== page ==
Kegging Your Beer

Kegging your beer is a great way to save time over bottling and give you a lot more flexibility in serving your beer. I’m not going to discuss how to design a draft beer system here, because the process of kegging your homebrew is the essentially the same, no matter what your system looks like. This article is intended to show you how easy it is to keg your homebrew and to hopefully inspire you to design a draft beer system of your own.

There are two main types of kegs in use by homebrewers: ball lock and pin lock. The name refers to the type of connectors on the keg. The kegs we use were originally used to dispense soda syrup, and because the two major manufacturers didn’t want their customers to be able to switch easily to their competitors, the connectors are incompatible. As far as we’re concerned, it doesn’t matter which one you have, just that once you’ve picked a connector type you’re stuck with it.

A ball lock keg

When your homebrew is ready to go into the keg you’ll need to get some equipment and supplies together, including:

  • A keg
  • Sanitizer
  • Racking equipment (I use an Auto Siphon)
  • Hydrometer and sample jar
  • Spare gaskets and o-rings for your keg
  • Soap and something to scrub with
  • Keg lube

The first step is to disassemble and clean your keg. I like to disassemble the entire thing, taking each piece apart so that it can be thoroughly cleaned. Here’s what the parts of a ball lock keg looks like once disassembled.

From left to right: lid, lid gasket, post and poppet, dip tube with gasket, gas tube with gasket, post and poppet, and a tube of keg lube.

A good scrubbing inside and outside of the keg, and cleaning up the separate parts is next on your list. Get everything good and clean. Think of the keg like it’s a big bottle. You wouldn’t want to put your hard made homebrew in a dirty bottle.

During the cleaning process I take an opportunity to clean out my draft lines. I like to scrub the smaller parts, and then reassemble everything before going on to wash the keg itself. When you put the pieces back together, apply some keg lube to the gaskets and mating surfaces. You don’t need much, but it does help get a good seal once everything is together.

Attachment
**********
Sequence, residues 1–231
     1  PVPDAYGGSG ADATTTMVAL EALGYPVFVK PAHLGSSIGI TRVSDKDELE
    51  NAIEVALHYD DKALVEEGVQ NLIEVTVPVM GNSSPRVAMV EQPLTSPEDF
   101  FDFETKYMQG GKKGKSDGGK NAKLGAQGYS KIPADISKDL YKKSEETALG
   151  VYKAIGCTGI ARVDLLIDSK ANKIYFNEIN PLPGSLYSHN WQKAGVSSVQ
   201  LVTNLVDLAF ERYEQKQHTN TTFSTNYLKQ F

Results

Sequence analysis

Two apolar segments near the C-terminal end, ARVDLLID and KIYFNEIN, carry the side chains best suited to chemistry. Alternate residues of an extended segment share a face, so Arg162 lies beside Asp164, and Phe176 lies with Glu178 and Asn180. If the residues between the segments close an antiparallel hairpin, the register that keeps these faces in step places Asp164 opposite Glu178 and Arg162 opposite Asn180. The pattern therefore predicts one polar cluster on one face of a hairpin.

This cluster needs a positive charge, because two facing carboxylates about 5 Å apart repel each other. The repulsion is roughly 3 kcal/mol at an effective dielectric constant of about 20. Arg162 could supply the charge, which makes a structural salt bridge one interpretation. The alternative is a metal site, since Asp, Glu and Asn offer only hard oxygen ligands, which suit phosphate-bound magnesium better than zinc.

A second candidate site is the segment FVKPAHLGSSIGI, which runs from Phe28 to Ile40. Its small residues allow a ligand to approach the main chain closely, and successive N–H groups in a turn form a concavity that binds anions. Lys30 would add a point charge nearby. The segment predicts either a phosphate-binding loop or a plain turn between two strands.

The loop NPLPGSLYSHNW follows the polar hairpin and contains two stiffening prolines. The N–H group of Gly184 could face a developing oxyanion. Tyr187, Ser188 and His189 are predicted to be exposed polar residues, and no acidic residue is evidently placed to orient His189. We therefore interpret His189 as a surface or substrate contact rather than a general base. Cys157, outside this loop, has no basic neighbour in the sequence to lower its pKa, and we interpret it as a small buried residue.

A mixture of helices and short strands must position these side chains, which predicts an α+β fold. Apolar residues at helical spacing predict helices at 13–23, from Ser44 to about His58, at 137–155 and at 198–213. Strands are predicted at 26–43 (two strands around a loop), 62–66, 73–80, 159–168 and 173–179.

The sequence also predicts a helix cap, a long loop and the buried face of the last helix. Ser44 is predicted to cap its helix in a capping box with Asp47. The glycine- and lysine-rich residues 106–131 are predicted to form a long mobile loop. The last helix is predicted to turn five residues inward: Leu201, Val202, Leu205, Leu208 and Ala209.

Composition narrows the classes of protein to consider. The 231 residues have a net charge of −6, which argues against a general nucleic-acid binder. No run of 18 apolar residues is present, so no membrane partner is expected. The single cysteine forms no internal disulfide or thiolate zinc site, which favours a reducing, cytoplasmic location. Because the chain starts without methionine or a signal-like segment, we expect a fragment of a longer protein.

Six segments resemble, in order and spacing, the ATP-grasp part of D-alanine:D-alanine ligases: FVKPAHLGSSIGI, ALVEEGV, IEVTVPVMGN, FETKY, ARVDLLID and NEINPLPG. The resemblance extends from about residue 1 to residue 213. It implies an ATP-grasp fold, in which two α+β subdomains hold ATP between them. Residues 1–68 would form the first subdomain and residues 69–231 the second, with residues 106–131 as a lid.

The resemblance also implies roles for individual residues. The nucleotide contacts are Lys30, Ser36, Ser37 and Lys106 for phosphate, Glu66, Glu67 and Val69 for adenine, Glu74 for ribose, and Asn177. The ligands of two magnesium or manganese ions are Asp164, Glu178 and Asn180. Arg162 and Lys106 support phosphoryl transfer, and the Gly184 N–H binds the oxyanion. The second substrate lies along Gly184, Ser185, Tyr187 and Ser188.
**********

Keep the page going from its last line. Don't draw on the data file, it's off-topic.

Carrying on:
At each step in the keg washing process I carry it over to the fridge and reconnect the gas and draft lines so that I can run some of the soapy water and rinse water through them. I hang a small bucket, like the ones you get at your homebrew shop to bring malt extract syrup home, from the tap to catch the overflow.

Cleaning the lines.

The catch bucket.

Once you’ve got your keg all washed up and rinsed out, it’s time to sanitize everything. My preferred method is to use iodophor, but that’s personal choice and there are other good sanitizers out there. So mix up your solution and sanitize away. At this point you should move your carboy over to where you’re going to work as well.

Before I dump the solution out of the keg, I hook it back up to the gas and draft line and run some sanitizer through just to be on the safe side. Now you’re just about ready to start filling that keg. The first thing to do is to do a leak test.

Start by hooking up the gas line and let the keg pressurize. Then disconnect the line and grab your handy spray bottle with the soap solution and spray the top of the keg down. Wait a couple minutes and look for bubbles. If there are any bubbles you’ve got a leak. Take things apart and apply a little more keg lube, reassemble and try again. If you can’t get it to seal, replace the offending gaskets from your spares.

Spray bottle with soap solution for testing for leaks.

Now that you’ve got a gas-tight keg, you’ve got to purge it of any O2 so that you don’t spoil the beer. Hook the gas line up, let the keg come up to pressure, remove the gas line, and open the pressure relief valve. Repeat this process three times. Because CO2 is heavier than O2, it will tend to settle at the bottom, so the repeated filling and venting it will push most, if not all, of the O2 out.

Hook up the gas line.

Open the pressure relief valve.

Full of CO2, ready for beer.

At this point you just need to get your siphon started and transfer the beer to the keg. It will displace the CO2 as it fills, thus keeping the environment oxygen free.

Racking the beer.

Almost done!


Now put your lid back on and put it in your fridge to chill down. Gases are more soluble in cold liquids than warm ones, so let it chill down and in a few days you’ll have carbonated beer. You can speed that up by shaking it if you’re in a hurry…

I usually leave the draft line disconnected until I’m ready to start serving that particular beer, but there’s not really any harm in connecting it if you’d like.

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